Dr Mike Rayner, Principal Investigator at the Oxford Martin Programme on the Future of Food, has directed new research into the impact of sugary drinks on obesity. The findings from the British Heart Foundation Health Promotion Research Group at the University of Oxford and the Centre for Food Security at the University of Reading have published their findings in the British Medical Journal.
The study has found that the number of obese adults in the UK could be reduced by 180,000 with a 20% tax on sugary drinks. The tax could raise over £275 million for the Treasury.
A tax on sugary drinks has been proposed as a public health measure for a number of reasons. Sugary drinks (soft drinks with added sugar such as fizzy drinks, squashes and cordials) have been shown to increase the risk of obesity, diabetes, cardiovascular disease and tooth decay.
They only suppress appetite weakly, so consuming fewer sugary drinks is unlikely to result in an increased intake of other sources of calories. There are no beneficial nutrients in sugary drinks, so reducing consumption will not remove important nutrients from the diet. And from a legislative perspective, sugary drinks can be clearly defined, the researchers say.
The scientists used a large survey of shopping preferences of families in the UK to estimate how purchases of sugary drinks would change in response to a 20% increase in their price. They also looked at how purchases of other drinks, such as orange juice, milk and diet drinks, might change in response to the price change. They then used this information to estimate the change in average calorie intake and obesity.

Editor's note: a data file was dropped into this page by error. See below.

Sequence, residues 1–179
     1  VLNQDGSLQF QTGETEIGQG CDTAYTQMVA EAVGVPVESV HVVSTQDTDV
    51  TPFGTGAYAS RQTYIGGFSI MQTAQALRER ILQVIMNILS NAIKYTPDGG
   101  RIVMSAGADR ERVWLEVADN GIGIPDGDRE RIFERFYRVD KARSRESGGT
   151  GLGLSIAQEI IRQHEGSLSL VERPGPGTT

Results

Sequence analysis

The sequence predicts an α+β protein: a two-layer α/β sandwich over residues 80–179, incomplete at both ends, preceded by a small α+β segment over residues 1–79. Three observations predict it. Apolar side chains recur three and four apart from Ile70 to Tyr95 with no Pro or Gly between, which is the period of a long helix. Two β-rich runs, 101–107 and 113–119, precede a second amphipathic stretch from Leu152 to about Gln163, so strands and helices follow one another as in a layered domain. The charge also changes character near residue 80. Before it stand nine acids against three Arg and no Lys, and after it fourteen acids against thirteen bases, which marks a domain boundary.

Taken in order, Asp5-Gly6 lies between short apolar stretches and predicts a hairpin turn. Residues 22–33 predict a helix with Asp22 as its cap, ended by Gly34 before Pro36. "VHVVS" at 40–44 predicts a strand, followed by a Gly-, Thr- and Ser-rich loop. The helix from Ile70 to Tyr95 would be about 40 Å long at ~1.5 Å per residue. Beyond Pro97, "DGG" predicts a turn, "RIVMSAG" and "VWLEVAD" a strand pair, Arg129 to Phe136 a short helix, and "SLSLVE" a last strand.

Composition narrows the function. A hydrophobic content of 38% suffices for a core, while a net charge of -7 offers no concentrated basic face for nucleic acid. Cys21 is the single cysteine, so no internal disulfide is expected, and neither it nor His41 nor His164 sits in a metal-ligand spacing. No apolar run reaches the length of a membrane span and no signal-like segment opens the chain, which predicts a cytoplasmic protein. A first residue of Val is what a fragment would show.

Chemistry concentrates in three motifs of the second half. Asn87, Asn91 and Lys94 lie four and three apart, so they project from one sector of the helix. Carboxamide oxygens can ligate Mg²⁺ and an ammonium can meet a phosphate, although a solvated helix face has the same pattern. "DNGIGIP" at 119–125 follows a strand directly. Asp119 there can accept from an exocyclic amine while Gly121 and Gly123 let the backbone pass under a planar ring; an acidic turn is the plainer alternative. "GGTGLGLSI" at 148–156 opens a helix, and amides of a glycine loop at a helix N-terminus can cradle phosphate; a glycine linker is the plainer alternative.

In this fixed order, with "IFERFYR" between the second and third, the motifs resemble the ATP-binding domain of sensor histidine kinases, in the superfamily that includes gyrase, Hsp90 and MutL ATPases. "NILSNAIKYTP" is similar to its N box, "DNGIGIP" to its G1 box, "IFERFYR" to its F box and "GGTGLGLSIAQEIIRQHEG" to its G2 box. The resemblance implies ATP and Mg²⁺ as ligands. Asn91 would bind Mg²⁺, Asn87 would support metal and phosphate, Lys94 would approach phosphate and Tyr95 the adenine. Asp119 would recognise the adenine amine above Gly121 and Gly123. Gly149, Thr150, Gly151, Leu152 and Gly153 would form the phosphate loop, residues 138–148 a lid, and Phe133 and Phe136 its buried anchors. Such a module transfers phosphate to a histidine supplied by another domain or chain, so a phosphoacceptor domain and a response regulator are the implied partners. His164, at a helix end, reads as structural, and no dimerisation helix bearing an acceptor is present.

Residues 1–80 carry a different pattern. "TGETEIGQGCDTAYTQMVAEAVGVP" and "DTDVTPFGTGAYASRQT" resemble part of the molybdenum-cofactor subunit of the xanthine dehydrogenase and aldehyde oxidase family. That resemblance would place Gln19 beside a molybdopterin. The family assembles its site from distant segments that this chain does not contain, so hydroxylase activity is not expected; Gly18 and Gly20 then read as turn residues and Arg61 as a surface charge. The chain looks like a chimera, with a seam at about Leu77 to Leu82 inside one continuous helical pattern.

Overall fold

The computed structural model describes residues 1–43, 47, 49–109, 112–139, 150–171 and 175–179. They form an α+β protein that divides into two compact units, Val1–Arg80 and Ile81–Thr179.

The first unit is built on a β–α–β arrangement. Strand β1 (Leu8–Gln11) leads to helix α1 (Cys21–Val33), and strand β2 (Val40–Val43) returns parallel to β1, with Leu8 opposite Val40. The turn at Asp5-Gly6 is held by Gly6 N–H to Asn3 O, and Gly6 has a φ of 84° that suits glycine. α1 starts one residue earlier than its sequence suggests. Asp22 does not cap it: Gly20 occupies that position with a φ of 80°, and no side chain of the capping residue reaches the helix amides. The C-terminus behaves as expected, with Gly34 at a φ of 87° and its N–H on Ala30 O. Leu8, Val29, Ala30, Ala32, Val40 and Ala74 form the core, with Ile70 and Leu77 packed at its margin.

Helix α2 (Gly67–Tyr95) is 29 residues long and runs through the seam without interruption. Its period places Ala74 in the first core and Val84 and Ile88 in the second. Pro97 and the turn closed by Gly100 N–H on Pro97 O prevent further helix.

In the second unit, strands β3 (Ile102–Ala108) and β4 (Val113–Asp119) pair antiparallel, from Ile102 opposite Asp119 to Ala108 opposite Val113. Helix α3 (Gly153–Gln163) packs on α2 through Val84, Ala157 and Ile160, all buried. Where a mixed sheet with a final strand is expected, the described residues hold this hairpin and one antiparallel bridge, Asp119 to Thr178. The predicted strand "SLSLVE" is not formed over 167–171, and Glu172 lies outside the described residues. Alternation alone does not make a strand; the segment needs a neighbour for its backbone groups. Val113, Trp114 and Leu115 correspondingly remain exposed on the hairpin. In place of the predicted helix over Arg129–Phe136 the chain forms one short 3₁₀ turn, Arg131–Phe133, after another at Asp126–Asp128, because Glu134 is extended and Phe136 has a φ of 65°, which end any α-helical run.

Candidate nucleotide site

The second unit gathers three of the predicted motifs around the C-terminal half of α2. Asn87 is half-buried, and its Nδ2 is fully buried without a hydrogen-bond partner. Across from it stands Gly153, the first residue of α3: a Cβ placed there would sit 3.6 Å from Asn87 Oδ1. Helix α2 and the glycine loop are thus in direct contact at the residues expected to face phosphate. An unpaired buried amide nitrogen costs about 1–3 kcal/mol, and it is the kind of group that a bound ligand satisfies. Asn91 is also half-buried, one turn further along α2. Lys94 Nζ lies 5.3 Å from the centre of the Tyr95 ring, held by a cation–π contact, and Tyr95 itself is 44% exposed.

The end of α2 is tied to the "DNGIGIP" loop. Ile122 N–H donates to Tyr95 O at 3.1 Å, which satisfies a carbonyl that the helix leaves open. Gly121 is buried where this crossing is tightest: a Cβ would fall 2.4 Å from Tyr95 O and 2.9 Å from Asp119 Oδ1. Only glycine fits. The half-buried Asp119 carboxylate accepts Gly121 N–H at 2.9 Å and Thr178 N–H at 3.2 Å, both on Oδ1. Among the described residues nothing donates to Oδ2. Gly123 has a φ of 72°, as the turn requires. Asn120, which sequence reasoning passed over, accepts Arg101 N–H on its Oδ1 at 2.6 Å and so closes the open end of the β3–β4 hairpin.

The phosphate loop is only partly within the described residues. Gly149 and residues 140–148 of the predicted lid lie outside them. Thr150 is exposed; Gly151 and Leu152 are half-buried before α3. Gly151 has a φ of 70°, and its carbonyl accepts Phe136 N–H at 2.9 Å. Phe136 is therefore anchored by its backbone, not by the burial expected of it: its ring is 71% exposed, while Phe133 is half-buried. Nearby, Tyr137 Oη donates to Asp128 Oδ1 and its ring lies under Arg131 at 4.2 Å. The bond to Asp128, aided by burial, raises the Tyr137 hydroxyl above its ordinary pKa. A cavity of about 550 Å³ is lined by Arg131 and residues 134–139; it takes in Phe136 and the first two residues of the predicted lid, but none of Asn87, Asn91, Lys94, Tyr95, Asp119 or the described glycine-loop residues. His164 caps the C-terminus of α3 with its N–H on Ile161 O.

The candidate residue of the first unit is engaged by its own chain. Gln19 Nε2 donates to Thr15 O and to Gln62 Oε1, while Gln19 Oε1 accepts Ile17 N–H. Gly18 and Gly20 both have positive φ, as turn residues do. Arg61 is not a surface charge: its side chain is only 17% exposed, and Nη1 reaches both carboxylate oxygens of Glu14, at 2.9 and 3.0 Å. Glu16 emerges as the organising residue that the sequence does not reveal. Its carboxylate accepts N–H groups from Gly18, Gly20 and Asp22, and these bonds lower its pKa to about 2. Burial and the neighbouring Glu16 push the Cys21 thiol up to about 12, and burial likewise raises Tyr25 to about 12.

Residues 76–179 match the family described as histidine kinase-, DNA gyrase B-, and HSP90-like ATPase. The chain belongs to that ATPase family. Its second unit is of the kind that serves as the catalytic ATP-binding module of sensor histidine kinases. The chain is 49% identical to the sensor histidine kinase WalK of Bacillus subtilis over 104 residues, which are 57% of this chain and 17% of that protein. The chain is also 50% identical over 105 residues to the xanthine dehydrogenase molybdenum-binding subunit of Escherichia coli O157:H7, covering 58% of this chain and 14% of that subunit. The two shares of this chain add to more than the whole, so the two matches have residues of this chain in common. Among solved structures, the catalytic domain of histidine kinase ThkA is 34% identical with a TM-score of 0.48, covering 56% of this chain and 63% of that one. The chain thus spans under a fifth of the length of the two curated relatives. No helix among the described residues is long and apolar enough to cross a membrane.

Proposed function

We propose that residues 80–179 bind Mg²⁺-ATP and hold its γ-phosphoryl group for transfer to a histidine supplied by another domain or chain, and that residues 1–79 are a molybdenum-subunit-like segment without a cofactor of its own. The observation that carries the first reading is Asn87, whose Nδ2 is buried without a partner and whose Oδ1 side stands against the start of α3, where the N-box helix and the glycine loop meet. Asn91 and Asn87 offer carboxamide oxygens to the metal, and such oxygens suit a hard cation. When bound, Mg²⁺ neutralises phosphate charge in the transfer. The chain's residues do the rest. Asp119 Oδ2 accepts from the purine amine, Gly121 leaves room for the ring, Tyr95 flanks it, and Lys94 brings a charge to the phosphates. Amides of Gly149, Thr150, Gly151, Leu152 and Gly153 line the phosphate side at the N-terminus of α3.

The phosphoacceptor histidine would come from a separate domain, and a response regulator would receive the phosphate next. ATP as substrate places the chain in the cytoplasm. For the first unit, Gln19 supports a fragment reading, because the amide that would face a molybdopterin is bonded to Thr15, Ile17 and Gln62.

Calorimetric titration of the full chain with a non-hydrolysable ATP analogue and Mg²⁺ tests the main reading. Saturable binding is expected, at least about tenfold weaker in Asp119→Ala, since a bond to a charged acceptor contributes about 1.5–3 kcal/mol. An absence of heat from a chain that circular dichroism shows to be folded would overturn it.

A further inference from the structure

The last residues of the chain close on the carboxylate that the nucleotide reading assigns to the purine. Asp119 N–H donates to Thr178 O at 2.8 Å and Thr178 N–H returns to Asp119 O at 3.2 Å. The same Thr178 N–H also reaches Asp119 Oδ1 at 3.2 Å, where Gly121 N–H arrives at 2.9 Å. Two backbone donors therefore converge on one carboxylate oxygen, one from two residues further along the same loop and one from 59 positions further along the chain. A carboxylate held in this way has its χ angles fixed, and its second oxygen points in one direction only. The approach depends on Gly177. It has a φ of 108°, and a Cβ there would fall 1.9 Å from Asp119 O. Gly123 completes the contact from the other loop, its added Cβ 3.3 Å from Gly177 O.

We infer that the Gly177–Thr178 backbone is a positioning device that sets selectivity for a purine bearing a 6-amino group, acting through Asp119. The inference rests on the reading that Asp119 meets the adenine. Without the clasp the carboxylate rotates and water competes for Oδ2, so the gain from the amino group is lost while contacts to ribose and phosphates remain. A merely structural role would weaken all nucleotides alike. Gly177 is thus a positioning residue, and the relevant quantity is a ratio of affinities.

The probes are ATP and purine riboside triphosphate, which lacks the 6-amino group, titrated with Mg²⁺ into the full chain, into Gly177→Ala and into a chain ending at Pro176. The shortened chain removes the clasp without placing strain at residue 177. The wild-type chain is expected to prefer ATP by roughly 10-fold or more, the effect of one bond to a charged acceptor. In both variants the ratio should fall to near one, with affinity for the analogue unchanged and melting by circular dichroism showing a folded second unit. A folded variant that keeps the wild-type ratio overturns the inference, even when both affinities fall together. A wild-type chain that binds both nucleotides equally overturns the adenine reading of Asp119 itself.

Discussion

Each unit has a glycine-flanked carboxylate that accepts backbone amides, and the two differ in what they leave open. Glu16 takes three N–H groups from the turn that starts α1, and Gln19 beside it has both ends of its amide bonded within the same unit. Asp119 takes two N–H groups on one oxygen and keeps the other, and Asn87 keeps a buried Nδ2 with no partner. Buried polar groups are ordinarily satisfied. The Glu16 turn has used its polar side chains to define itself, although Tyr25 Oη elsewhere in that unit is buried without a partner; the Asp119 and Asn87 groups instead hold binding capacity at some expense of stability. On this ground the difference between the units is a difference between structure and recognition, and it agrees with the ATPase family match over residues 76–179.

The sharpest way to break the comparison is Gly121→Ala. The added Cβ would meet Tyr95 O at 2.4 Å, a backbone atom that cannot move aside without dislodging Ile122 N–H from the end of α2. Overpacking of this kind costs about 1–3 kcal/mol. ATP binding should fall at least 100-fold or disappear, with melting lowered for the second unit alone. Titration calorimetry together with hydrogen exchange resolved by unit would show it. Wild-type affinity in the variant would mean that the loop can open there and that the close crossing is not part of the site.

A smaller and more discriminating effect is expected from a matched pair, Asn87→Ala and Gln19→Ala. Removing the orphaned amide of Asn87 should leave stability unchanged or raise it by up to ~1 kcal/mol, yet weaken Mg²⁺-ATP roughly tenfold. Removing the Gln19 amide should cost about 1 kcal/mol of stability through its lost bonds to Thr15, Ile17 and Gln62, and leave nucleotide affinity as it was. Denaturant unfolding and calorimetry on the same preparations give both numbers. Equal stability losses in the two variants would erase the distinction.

The research suggests that purchases of sugary drinks would reduce by around 15% with people mainly switching to diet drinks and tea and coffee. The expected reduction in energy intake is 28 calories per person per week.
The researchers estimate this would reduce the number of obese adults across the population by 180,000 (with the number likely to be in a range from 110,000 to 250,000), or 1.3% of all obese adults in the UK.
The impact on obesity is likely to be much greater in younger adults who drink larger quantities of sugary drinks than older adults. On average, people aged 16-29 years drink around 300 ml of sugary drinks per day, compared to just 60 ml in those aged over 50.
The Oxford and Reading research team also investigated the effect on obesity among different income groups. The study indicates that there would be similar health gains across all groups, looking at the thirds of the population with lowest, middle and highest incomes.
The estimated increase in the amount people would spend on drinks would be an extra 9p a week (or under £5 a year) for those in the lowest income group. It would be 6p per week for those in the highest income group. The increase in expense is small as most people would react to the tax by purchasing fewer sugary drinks, the study suggests.
Dr Mike Rayner says: ‘Taxes on sugary drinks are moving up the political agenda in the UK and abroad. Increasingly, governments are recognising the health burden imposed by sugary drinks and that this burden can be reduced by measures to discourage consumption. Because sugary drinks do not provide any beneficial nutrition there are no downsides to reducing consumption levels in the UK using taxation.’